Tho Nemaha river was out of its banks
and caused a great deal of damage in
corn and wheat fields. Outside of the
inconveniences of the storm Mrs. Bes
tir had a most enjoyable visit.
Anything But
Cify Administration Most Ex
pensive in History df
Plattsmouth, Nub. July 7
Kditor Nkw8-Hkrali):
In a recent issua of the News-Hkr-AU
I notice your reference to the funds
expended for street work in the city of
Plattsmouth in the last 5 years, giving
the figures at $42,009.00, The amount
is stupendous, but the statement seems
to jar but few tax payers in the city.
If you had shown that the appropria
tions for the last 5 years aggregated a
little over $7,000.00, and also if you had
shown the appropriations for the pro
ceeding 5 years with the approximate
expenditures for street work for com
parison, it might percolate into thc
heads of some of our taxpayers that in
stead of the city administration being
an economical one, it was the most ex
pensive one ever experienced in the
history f the city of Plattsmouth. We
heard much talk about reduction of
taxes, but never a word about the
amounts illegally expended. The en
forcement of the scavenger law brought
a huge fund into the city treasury but
it appears to have been a source of
worry to the administration until it
was dissipated. If it were not for the
funds received on back taxes, our city
would have been two or three times
what they were in the 5 years last past
or instead there would now be a deficit
in the treasury of some $19,000.00, in
stead of about $o,000 as is reported.
Yours Respectfully,
D. K. Barr. a prominent attorney of
Ashland, was in Plattsmouth Wednes
day on legal business.
Board of County Commissioners met
in regular session, with all members
present. Minutes of previous meeting
read and approved, whereupon the fol
lowing business was transaeted in regu
lar form:
Board appointed Dr. C. Bernard Neg
elmann, Dist. County physician in and
for Dist. 4, to fill the unexpired term
of Dr. Banghart.
County Treasurer, Recorder, Judge,
Clerk and Clerk of the District Court
each filed their quarterly report for
end of quarter, 1909.
The following claims were allowed:
Weeping Water Republican,
publishing notice $ 1 50
The News-Herald, printing,
claimed $11.80 allowed
Louisville Courier printing no
tice claimed $3.00 allowed. . .
Eagle Beacon same claimed $3
9 80
l no
1 50
Dora Fleisehman care of blind
man 13 00
J. H. Tarns salary 60 00
W. E. Rosencrans salary 125 00
W. E. Rosencrans, expense,
freight etc 81 81
M. L. Friedrich, salary and ex
pense 30 50
E. E. Hilton salary 48 00
C. R. Jordan salary and exp. . 46 00
Kathcrinc Minor, labor in re
corders office 38 00
F. M. Svoboda salary and laun
dry 62 50
J. F. Brcndel post mortem
JohnThacker 35 80
C. W. Baylor, coal 2 4S
L. D. Switzer, saly. and exp. 32 10
State Journal Co., pens
M. E. Manspeaker, teams to
2 00
Cunningham Bros., Bame 8 25
Wm. Wehrbein, Bamo 9 50
Neb. Lighting Co., gaa to jail
and court house 2152
J. E. Tuey, mdse. to poor farm 8 00
M. Herold mdse. to county....
M. Hild, chair scats
Wm. Holly, mdse. to county
2 10
8 40
Swartz 4 Wcichcl, same 6 96
Guthman & Cory meals to jury 11 00
Mary L. roster, saly. and exp.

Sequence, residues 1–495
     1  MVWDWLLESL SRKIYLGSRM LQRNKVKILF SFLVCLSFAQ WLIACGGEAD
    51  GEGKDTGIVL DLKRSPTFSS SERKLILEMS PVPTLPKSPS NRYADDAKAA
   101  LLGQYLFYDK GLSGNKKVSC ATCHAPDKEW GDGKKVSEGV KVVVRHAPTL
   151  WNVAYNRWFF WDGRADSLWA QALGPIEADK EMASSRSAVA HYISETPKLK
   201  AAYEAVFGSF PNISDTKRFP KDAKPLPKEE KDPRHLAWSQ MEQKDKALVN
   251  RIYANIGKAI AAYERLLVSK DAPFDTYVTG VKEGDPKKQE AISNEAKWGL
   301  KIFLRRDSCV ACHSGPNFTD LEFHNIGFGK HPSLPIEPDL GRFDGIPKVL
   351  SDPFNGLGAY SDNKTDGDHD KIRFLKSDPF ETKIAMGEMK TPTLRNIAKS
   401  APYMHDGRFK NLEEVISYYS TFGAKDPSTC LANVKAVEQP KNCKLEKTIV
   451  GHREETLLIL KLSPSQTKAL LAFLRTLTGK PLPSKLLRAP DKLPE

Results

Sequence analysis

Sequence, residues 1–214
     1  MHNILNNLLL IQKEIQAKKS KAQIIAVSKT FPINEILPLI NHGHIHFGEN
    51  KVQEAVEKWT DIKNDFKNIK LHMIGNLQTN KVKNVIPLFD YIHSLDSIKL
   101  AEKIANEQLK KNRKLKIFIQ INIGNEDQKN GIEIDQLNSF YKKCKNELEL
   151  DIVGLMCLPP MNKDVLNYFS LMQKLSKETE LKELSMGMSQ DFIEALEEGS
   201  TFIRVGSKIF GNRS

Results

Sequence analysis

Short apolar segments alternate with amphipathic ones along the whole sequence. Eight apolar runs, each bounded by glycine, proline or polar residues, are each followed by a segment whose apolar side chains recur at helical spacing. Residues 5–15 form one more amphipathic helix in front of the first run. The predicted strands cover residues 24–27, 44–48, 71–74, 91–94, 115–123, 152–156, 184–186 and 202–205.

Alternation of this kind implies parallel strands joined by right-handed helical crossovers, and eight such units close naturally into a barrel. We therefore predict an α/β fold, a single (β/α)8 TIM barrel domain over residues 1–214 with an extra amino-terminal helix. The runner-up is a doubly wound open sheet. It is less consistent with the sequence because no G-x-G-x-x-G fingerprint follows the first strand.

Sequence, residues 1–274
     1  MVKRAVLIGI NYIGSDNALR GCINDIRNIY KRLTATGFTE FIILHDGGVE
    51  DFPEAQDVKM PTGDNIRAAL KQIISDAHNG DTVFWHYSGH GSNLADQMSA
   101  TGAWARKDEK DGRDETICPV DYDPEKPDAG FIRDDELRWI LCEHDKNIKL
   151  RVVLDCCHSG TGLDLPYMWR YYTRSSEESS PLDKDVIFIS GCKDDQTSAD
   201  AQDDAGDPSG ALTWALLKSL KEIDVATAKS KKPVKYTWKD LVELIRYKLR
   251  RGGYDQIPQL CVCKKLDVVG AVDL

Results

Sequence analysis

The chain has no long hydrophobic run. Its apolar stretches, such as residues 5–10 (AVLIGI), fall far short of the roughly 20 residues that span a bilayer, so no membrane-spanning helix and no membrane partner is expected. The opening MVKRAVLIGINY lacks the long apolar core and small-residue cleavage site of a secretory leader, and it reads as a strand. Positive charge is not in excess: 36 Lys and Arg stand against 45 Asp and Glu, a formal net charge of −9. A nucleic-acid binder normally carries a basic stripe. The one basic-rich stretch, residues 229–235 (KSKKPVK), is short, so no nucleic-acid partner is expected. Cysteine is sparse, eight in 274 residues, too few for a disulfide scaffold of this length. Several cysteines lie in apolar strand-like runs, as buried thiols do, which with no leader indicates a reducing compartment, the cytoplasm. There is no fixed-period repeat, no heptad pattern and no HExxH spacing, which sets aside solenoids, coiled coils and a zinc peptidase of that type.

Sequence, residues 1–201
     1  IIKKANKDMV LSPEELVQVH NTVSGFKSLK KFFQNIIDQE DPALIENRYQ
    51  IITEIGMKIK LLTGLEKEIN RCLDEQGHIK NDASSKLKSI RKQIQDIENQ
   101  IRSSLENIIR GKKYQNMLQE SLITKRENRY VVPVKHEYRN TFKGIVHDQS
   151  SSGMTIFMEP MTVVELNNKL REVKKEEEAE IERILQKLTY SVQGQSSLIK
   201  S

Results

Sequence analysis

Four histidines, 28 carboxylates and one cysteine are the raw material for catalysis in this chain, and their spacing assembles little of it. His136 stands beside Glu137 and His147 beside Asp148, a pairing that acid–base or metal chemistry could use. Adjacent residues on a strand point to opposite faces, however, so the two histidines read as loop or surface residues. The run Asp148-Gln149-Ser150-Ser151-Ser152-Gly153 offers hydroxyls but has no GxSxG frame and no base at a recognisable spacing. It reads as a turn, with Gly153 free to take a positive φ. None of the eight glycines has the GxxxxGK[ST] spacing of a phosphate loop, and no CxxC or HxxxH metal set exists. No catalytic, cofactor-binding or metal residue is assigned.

F. M. Richey, lumber to farm
Jaa. Robertson saly. 2nd qr. . . .
W. C. Ramsey, saly. and exp.
Hatt & Son, mdse. to poor. . . .
Plattsmouth Tel. Co. rent ar.d
133 83
8 60
217 00
95 h2
5 CO
Slugged By
A Burglar
riattsmouth Citizen Has an Ex
citing Experience Sunday
Wm. Grebe was thc victim of an as
sault by burglars last Sunday night in
which his nose was broken and his lips
badly cut. Mr. Grebe had just returned
to his parents home from Omaha whero
he is employed and as the family was
away he was .unable to get in the f rout
door so he went to the back of the
hause and as he entered the kitchen
door some person, presumably a bur
glar, struck him a terrific blow with
some instrument across the nose and
moatk. Grubc fell to the floor and be
fore he could gather his wits the party
had escaped.
The police were notified but no trace
of the culprit could be found.
Wm. hunted up a doctor and had his
wounds dressed but he will not work
for a few weeks.
Visiting in the City.
John R. Nicholson and wife of Lincoln
arrived in the city Saturday for a visit
over the fourth and to spend a couple
weeks with tho family of R. A. Van
fleot. Mrs. Nicholuon is a daughter of
Mr. and Mrs. Vanfleet.
John is quite well known in riatts
mouth having lived in this vicinity for
several years previous to his marriage,
and was always much interested in
athletics, especially base-ball being on
of the best among the former crack
players on the old Red Sox Team.
John is writing accident insurance
for the National Fidelity and Casualty
Company of Omaha ar.d is meeting
with success in his territory which
comprises the counties of eastern Ne
braska. H. M. Soennichsen mdse
C. II. Smith poetal supplies..
33 75
19 12
John A. Adams & Son lumber
R- D. 15 $ 19 67
A. F. Sturm same 9 16 40
Same 12 33 25
W. M. Kitzel same 6 is 50
Oscar Kitzel same 6 5 00
Chas. Bornemeier same 6 78 55
M. Sulser same 1 ,.. 43 60
W. A. Cole same 14 77 25
John A. Hcnnings 2 3 00
Henry Horn same 2 1 50
W. Kitch same 12 235 84
W. C. Bartlett same 15 140 75
Frank Rouse same 5 20 00
Aug. Rissman sime 4
J. E. Bates same 13
J. A; Wilson same 7
3 00
80 70
73 00
Lewis Johnson same 7 12 00
Frank Reese, same 7
21 00
Earharl Goehry same 7 7 50
Geo. Utt same 7
F. W. Wilson same 7
Hen Bcckman same 10
3 50
7 50
, np
Henry Kcil same 2 600
Phil. Becker same 2 6 00
Geo. B. Hicks same 2 claimed
$39.50 allowed 35 50
Henry Lcuchtweis same 2 7 00